Whether you’re a Disney oriented book reader or a DVD/Blu-ray buff, you can’t have missed Jeff Kurtti. A renowned Disney historian, he’s the author of more than 20 books, notably on Disney Animation and Imagineering, that have become references. He’s also a director/producer of some of the best supplements you can see as bonus features on Disney DVDs.
Now, he’s the author of the most anticipated Art of Princess and the Frog book, featuring the lush concept art and illustration that inspired the film’s animators, through character design, storyboards, full-color pastels and intricate scene sketches, along with behind-the-scenes stories and insights from the film’s creative team.
It’s been our pleasure to have Jeff Kurtti answer our questions in an interview that we imagined just like the bonus features of the book…
Backstage Disney: The Making Of The Art of Princess and the Frog
Animated Views: What interested you in writing The Art of Princess and the Frog?
Jeff Kurtti: I have been a fan of Disney Animation since childhood, and have written several animation-related books in the past, so when I was asked to write The Art of The Princess and the Frog, I was naturally both flattered and excited.
AV: You started working in the field of Imagineering and Disney parks. What led you to animation (through documentaries and books)?
JK: I started working for Disney in those fields, but my interest in Disney has always been culturally much more broad. As a child, film and animation were actually much more accessible to me and much easier to research, so my earliest Disney studies were Walt and Studio biographical, and animation-based. It was only later that I began to expand into true study of Disneyland, then Walt Disney World much later.
AV: When did you start becoming aware and interested in the Princess and the Frog movie from a personal point of view?
JK:I think like most fans of Disney animation, my interest began when I heard that Ron and John had been brought back to Walt Disney Animation Studios after being let go for a period of time. I knew that such a move was not without intent to use their talents, and those talents being what they are that they would emerge with an interesting new project.
AV: At what stage of the making of the movie did you start working on the book?
JK:I began in the fall of 2008, a little more than a year before release.
AV: How long did you work on it?
JK:My friend Richard Sherman has a response to a similar question when people ask how long it takes to write a song: “Your whole life, plus the time it took to write it down.” Having studies animation for decades, and written books and produced documentary material on scores of titles, there was a lot of preparation that had nothing to do with actually writing the book.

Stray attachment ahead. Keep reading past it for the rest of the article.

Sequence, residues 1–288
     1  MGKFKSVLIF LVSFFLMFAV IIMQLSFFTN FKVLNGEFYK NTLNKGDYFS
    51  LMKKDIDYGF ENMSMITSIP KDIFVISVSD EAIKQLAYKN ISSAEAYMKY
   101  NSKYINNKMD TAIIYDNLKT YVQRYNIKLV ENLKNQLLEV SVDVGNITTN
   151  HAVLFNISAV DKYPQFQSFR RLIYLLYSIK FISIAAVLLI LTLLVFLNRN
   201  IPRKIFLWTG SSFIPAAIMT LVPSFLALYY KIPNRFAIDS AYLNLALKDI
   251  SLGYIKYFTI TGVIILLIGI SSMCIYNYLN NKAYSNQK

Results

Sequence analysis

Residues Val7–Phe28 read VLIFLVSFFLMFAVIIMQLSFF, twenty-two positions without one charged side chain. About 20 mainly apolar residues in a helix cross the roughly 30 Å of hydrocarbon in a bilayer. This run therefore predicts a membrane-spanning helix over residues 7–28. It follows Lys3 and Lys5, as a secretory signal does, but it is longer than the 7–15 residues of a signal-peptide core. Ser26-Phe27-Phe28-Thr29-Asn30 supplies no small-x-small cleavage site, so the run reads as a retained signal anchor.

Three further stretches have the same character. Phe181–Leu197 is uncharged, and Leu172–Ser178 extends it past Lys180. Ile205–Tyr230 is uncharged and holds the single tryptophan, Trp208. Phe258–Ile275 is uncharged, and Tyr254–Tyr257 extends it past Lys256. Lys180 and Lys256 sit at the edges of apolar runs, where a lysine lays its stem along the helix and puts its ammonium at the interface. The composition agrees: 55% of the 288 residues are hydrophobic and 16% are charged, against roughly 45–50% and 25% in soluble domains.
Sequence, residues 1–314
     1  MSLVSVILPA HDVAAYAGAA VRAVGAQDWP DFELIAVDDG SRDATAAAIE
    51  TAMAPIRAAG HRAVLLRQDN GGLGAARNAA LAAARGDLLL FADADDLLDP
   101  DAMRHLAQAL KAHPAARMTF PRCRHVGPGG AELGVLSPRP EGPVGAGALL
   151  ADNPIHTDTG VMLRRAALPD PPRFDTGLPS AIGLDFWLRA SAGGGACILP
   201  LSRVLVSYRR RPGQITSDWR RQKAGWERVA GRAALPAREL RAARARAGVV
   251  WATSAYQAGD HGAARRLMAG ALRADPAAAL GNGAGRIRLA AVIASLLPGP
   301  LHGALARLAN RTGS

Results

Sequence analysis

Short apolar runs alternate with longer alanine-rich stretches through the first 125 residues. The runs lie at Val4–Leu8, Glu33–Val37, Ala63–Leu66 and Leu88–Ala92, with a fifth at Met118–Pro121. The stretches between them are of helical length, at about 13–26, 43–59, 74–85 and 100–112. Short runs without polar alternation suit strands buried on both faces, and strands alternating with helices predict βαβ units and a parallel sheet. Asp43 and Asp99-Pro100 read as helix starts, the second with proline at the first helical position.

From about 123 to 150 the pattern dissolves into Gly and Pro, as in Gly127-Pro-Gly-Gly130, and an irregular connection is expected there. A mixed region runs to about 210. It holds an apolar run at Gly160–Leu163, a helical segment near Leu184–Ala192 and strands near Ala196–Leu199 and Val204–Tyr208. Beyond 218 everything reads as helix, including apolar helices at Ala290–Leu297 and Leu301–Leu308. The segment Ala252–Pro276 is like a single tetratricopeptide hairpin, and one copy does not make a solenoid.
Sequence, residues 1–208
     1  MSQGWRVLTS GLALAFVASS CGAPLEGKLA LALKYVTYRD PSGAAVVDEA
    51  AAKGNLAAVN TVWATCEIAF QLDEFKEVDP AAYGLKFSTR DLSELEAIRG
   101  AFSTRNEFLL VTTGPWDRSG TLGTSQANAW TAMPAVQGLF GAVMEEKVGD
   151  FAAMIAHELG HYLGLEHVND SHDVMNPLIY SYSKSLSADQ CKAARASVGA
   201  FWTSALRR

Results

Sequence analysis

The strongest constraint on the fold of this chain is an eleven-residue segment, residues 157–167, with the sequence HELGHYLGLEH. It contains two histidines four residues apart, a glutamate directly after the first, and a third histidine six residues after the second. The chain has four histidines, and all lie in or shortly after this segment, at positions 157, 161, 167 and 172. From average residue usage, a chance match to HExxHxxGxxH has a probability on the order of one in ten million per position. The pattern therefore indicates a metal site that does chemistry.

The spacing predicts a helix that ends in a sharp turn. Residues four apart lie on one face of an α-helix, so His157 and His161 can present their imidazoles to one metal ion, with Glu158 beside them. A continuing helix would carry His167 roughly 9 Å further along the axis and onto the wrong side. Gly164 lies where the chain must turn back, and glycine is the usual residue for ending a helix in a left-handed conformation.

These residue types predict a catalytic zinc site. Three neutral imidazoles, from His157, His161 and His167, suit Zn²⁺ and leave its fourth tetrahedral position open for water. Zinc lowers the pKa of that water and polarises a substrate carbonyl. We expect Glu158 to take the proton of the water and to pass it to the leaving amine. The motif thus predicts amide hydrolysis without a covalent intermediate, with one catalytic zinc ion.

I spent a few weeks interviewing more than thirty of the production team members, and then several more weeks crafting a manuscript. Then there was a lengthy editorial process as the manuscript was revised and crafted to address the needs of the book overall.
AV: How did the interviews go with all the Disney artists?
JK: In many cases, it was a really happy reunion with people I have met, worked with, or known before. The atmosphere was welcoming and convivial, and everyone was genuinely enthusiastic and optimistic about being back making a hand-drawn feature at Disney.
AV: Did you have carte blanche to choose whoever you wanted to talk to?
JK:The producer and directors chose the key members of the team for my interviews, their guidance and viewpoint was essential, otherwise I would be flying blind, and working a lot harder, to suss out who the right voices and perspective for the right production areas.
AV: Can you tell me more particularly about your meetings with the creators of the movie?
JK:I have worked with most of these artists on previous projects, and it is always fascinating to sit and talk with them. Watching the team dynamic between Ron and John is interesting, their way of sharing a conversation gives a good insight into how they work as a team, how their minds work together, and where they overlap and diverge to create the successful duo they have become over many years and many projects.
I noted that the majority of the people I spoke with, in addition to their talent as artists, spend a lot of time in study and thought about what they do, how they do it, what it means. Not just pushing out production footage, but really getting inside the process, technique, cultural values, and historic importance of what they do.
It makes it a pleasure to interview them, and the depth of dialog and insight we can share, and pass on to the reader, has more to do with their encompassing perspective and perception about their craft than a simple Q&A interview.
AV: What kind of ambiance did you feel when you met the artists? Did you feel some special excitement about the film?
JK:There was a genuine sense of excitement and optimism, and also gratitude. Not only for being able to again work on a Disney hand-drawn feature, but also to be working with an all-star lineup of talent in that craft.
AV: What kind of material did you have access to?
JK:Pretty much everything generated for the film. In most cases, I left the decisions about art to the filmmakers and the book designer, as their input was equivalent to mine in terms of the final product. In the case of an Art Of… book, in fact, it is more important than the text, the text should be in place to serve the art and create context for the reader.